“There’s a black hole in every van,” says David to Fern, reflecting on the nature of itinerants like themselves to collect and hoard. The remark, though nonchalant in its delivery, has super-massive implications of its own, suggesting an intricate, unknowable deepness to the lives of others.
But rather than trap light itself, Chloe Zhao’s Oscar frontrunner Nomadland reflects it, illuminating for its audiences a world that they are both a part of and hidden from, all with staggering observations.
The film follows Fern (Frances McDormand), a van-dwelling widow who travels at great lengths to find work after she has lost both her husband and, due to economic collapse, her entire town. Though Fern may be fictional, her story is supported by several real life “nomads,” individuals who, like her, are peripatetic in their employment. Though these fellow travelers (all non-professional actors save for David Stathairn as David) can oftentimes stumble quite conspicuously over Zhao’s more expository dialogue, the writer-director has accepted these flaws if it can mean capturing their most candid moments.
It is the very reality of Nomadland that is all-at-once its most frustrating and frightening attribute. We may loathe ourselves for the freedom we see in the nomads, the very freedom that some of them may see in themselves. But our jealousy would only be our privilege, as many of those we see in the film are drawn to their lifestyle not out of desire but out of necessity, driven to their situation by a system that continues to exploit them as they need it for their own survival.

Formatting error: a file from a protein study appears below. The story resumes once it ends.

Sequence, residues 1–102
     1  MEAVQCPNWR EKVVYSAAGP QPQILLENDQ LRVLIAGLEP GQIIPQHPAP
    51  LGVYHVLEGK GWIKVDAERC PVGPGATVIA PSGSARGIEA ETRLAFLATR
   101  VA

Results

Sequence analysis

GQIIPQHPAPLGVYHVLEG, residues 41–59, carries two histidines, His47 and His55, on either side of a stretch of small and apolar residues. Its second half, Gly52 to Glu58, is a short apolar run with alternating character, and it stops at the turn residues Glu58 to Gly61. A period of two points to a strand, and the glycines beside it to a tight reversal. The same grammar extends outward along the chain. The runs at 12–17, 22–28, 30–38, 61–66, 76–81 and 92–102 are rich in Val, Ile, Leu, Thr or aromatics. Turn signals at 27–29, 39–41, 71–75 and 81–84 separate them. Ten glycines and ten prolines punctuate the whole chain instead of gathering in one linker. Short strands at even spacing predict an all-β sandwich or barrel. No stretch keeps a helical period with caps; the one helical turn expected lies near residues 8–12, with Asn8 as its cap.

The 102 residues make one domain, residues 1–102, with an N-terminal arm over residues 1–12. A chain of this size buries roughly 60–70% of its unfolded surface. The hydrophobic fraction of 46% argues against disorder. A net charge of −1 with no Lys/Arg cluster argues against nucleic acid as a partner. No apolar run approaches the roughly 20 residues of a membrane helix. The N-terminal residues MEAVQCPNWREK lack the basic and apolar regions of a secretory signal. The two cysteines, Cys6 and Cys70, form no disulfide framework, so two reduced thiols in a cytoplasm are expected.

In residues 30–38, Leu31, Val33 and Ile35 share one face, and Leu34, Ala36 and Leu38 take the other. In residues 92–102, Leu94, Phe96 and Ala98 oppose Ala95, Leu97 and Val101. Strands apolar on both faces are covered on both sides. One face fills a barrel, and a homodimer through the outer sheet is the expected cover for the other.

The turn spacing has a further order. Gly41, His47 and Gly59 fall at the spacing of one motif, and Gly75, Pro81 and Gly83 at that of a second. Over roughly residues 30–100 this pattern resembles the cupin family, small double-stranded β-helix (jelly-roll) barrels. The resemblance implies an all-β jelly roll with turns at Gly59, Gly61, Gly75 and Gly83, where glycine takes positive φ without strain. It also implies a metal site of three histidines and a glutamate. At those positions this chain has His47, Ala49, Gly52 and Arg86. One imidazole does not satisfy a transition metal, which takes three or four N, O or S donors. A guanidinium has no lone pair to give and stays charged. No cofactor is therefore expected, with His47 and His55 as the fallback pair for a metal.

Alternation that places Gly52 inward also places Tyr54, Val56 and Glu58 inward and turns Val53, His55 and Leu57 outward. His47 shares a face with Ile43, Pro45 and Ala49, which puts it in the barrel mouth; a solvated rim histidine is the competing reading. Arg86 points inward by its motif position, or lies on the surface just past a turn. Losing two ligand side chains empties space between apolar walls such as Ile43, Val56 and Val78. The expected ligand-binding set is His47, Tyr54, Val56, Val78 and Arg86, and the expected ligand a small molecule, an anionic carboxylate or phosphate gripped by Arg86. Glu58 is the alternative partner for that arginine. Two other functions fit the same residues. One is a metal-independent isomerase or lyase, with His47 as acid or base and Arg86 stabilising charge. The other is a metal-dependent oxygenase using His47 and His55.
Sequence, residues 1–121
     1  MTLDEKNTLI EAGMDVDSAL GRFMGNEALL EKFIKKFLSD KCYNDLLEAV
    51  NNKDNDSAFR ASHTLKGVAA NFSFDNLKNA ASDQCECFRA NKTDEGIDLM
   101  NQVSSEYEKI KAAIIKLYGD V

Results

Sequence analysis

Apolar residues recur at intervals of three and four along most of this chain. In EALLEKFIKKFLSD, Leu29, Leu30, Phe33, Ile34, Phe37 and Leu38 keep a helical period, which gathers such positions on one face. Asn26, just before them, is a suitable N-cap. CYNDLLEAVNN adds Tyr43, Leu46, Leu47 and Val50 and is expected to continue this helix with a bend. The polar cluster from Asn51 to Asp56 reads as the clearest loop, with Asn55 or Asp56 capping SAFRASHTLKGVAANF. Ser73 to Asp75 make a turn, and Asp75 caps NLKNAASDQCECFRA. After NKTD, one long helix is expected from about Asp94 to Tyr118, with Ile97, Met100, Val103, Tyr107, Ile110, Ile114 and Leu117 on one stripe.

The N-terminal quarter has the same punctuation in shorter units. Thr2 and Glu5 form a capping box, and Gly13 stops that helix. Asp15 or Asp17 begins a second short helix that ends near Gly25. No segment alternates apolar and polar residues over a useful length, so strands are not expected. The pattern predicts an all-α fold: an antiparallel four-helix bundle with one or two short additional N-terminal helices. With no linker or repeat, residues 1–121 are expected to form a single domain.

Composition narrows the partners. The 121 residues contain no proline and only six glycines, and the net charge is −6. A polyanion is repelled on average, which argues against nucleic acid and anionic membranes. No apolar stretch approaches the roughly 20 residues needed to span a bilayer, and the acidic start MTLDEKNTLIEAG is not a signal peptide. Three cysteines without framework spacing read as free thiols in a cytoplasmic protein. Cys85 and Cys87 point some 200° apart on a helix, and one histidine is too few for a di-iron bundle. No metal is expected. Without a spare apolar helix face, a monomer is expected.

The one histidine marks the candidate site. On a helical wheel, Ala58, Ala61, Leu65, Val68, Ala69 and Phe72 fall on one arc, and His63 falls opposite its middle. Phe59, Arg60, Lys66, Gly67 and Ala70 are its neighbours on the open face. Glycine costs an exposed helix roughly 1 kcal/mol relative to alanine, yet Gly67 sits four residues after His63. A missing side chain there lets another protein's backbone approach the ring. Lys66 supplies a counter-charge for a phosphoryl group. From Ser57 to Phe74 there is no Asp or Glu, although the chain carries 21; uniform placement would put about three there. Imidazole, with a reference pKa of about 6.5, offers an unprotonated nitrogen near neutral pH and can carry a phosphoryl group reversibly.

That’s just one of the no-easy-answer truths that Fern must face on her journey, and though always striving for high spirits Fern’s positivity can at times seem affected, almost as though a resilient defense against difficulty of any kind. McDormand, in a tender and impressively oxymoronic performance, is both optimistic and full of resentment. To deliver a dual role of this nature—one that comes not in separate scenes but at every teary-eyed line delivered—signals Frances as one of the greatest actors of all time.
There is a vastness to Nomadland, an emptiness that as much challenges viewers as it does reward them for braving through its more barren elements. Light on plot but ever-expanding into that beautiful horizon with its deep implications, Nomadland is less a movie than it is a mood. It is high art, and with its all-natural, painterly cinematography from Joshua James Richards, the film is more at home being hung up on a wall and framed than it is being projected off a screen.
In this more suitable environment, one might call Nomadland a “conversation piece.” I just hope people start talking soon.